Support & Community Resources

Mountain Song Community Message

During these challenging times, we understand that complicated feelings are common. Erin and Cori are available to support our Mountain Song students and families via email, telephone, office hours, and video meetings.  We welcome your communication and believe that we will best get through this challenging time by coming together as a community.

Our Mountain Song Care Team

Cori and Erin will be on email during school hours and will respond within 24-48 hours. During office hours Cori and Erin will be available to respond to emails immediately and are happy to call/zoom as needed. Zoom meetings and calls can be set-up outside of the above hours as needed.

Community & Crisis Resources

If you require emergency assistance, please call 911.

Mental & Physical Health

Housing & Employment

Coping Strategies During Covid-19

See this helpful PDF document for coping with the pandemic from the Mind Springs Foundation: Mental Health Tools for Back to School — for Parents, Teachers, and Students

Navigating the new normal.

During this unusual and challenging time, we are grappling with a “new normal” which requires patience, compassion and much support.  Uncertainty can cause stress and anxiety, fueling worry and uneasiness.  We may feel out-of-sorts, tired and overwhelmed; these reactions are quite normal during this unprecedented event.  

We encourage you to show yourself and those around you as much grace and forgiveness as possible, as everyone deals with change and hardship differently.  Children often and unknowingly pick up on and react to the feelings of those around them.  They may respond in a variety of ways, including seeking more attention, exhibiting hyper-activity or increased energy, displaying decreased patience or heightened anger, demonstrating regressive behaviors, or possibly withdrawing.  Children will benefit from your calm demeanor and increased connection with you, as well as having as much routine and rhythm to their day as possible.  

Self-care and the practice of coping skills can help ease the burden.  Coping strategies you can implement, either alone or with your family, include:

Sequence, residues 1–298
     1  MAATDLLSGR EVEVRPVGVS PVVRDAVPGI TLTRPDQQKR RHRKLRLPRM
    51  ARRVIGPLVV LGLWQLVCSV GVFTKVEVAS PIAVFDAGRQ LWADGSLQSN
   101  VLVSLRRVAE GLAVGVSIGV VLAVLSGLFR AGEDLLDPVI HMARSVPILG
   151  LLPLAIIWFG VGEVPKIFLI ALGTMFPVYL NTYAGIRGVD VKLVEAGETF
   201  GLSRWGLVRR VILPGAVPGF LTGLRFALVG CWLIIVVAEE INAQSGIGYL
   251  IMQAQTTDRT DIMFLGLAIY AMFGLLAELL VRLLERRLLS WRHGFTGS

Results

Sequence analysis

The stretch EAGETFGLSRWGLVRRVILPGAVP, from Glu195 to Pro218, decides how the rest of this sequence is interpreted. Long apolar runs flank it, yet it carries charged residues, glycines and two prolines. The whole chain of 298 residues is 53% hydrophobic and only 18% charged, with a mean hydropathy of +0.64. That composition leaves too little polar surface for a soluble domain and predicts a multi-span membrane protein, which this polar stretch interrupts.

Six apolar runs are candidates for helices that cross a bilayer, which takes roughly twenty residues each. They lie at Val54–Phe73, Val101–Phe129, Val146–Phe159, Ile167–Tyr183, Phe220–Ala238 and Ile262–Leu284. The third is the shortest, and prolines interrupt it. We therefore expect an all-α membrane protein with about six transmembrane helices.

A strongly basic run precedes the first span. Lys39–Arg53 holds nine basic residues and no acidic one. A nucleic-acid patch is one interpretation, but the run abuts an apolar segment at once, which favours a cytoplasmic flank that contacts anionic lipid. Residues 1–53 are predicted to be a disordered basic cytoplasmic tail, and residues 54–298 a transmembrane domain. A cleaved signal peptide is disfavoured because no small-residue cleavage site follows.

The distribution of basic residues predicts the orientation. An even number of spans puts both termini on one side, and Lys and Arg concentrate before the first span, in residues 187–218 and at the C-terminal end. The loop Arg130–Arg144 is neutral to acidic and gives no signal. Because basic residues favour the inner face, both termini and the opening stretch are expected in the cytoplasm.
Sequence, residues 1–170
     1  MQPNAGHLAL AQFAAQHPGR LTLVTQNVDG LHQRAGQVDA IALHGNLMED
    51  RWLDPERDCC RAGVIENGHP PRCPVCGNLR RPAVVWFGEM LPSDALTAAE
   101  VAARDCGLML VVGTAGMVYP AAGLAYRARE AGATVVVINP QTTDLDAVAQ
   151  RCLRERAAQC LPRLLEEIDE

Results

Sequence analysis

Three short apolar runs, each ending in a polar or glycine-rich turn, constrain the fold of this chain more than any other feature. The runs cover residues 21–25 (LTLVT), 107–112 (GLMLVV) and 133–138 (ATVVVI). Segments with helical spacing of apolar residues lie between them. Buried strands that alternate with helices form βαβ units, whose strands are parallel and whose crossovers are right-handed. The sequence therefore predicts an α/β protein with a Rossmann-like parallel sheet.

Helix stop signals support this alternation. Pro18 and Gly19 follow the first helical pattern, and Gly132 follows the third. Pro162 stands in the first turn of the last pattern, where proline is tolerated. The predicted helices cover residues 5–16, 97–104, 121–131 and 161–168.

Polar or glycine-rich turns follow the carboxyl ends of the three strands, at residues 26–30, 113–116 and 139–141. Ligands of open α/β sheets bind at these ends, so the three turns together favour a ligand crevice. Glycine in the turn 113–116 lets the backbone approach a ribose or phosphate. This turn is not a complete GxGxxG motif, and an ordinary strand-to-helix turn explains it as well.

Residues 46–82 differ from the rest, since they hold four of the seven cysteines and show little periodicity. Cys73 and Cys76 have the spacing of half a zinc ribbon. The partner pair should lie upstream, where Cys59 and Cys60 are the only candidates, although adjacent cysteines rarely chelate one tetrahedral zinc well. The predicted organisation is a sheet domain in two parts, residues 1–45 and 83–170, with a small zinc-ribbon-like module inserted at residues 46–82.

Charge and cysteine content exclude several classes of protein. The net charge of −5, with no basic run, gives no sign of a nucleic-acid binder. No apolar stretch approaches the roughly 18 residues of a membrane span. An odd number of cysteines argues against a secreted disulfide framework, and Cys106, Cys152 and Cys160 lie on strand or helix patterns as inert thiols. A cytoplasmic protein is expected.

• Deep Breathing – breathe in through your nose for a count of 3 and out through your mouth for a count of 5.  Repeat for 5-10 breaths
  • Meditation – start with a few minutes of quiet focus on your breath; feel the air enter and exit your nose or mouth.  Refocus on your breath when your mind wanders.  The goal is to remain in the moment and to focus on the present.
  • Yoga – 5-10 minutes of several basic poses can help you to relax your body and mind.
  • Journal – writing your feelings and experiences can be a healthy outlet to process your emotions.
  • Art/Painting – Creative endeavors can help you and your family calm down and refocus.
  • Connect with a friend or loved one on the phone – human connection can be very healing.
  • Go Outside – Getting outside for movement and fresh air helps release helpful, “feel-good” brain chemicals which boost mood.
  • Gratitude – Acknowledging what you’re grateful for provides perspective.

Activities & Archives

Caregiver – child interview:  Spend 10-15 minutes with your child connecting and having a fun and positive interaction.

Questions to ask each other:

  • One favorite thing about me?
  • A fun or silly memory with me?
  • Something you are happy about?
  • Something you miss right now?
  • A super hero power you’d like to have?
  • Draw a picture of your superhero together.

Navigating the new normal

During this unusual and challenging time, we are grappling with a “new normal” which requires patience, compassion and much support.  Uncertainty can cause stress and anxiety, fueling worry and uneasiness.  We may feel out-of-sorts, tired and overwhelmed; these reactions are quite normal during this unprecedented event.  

We encourage you to show yourself and those around you as much grace and forgiveness as possible, as everyone deals with change and hardship differently.  Children often and unknowingly pick up on and react to the feelings of those around them.  They may respond in a variety of ways, including seeking more attention, exhibiting hyper-activity or increased energy, displaying decreased patience or heightened anger, demonstrating regressive behaviors, or possibly withdrawing.  Children will benefit from your calm demeanor and increased connection with you, as well as having as much routine and rhythm to their day as possible. 

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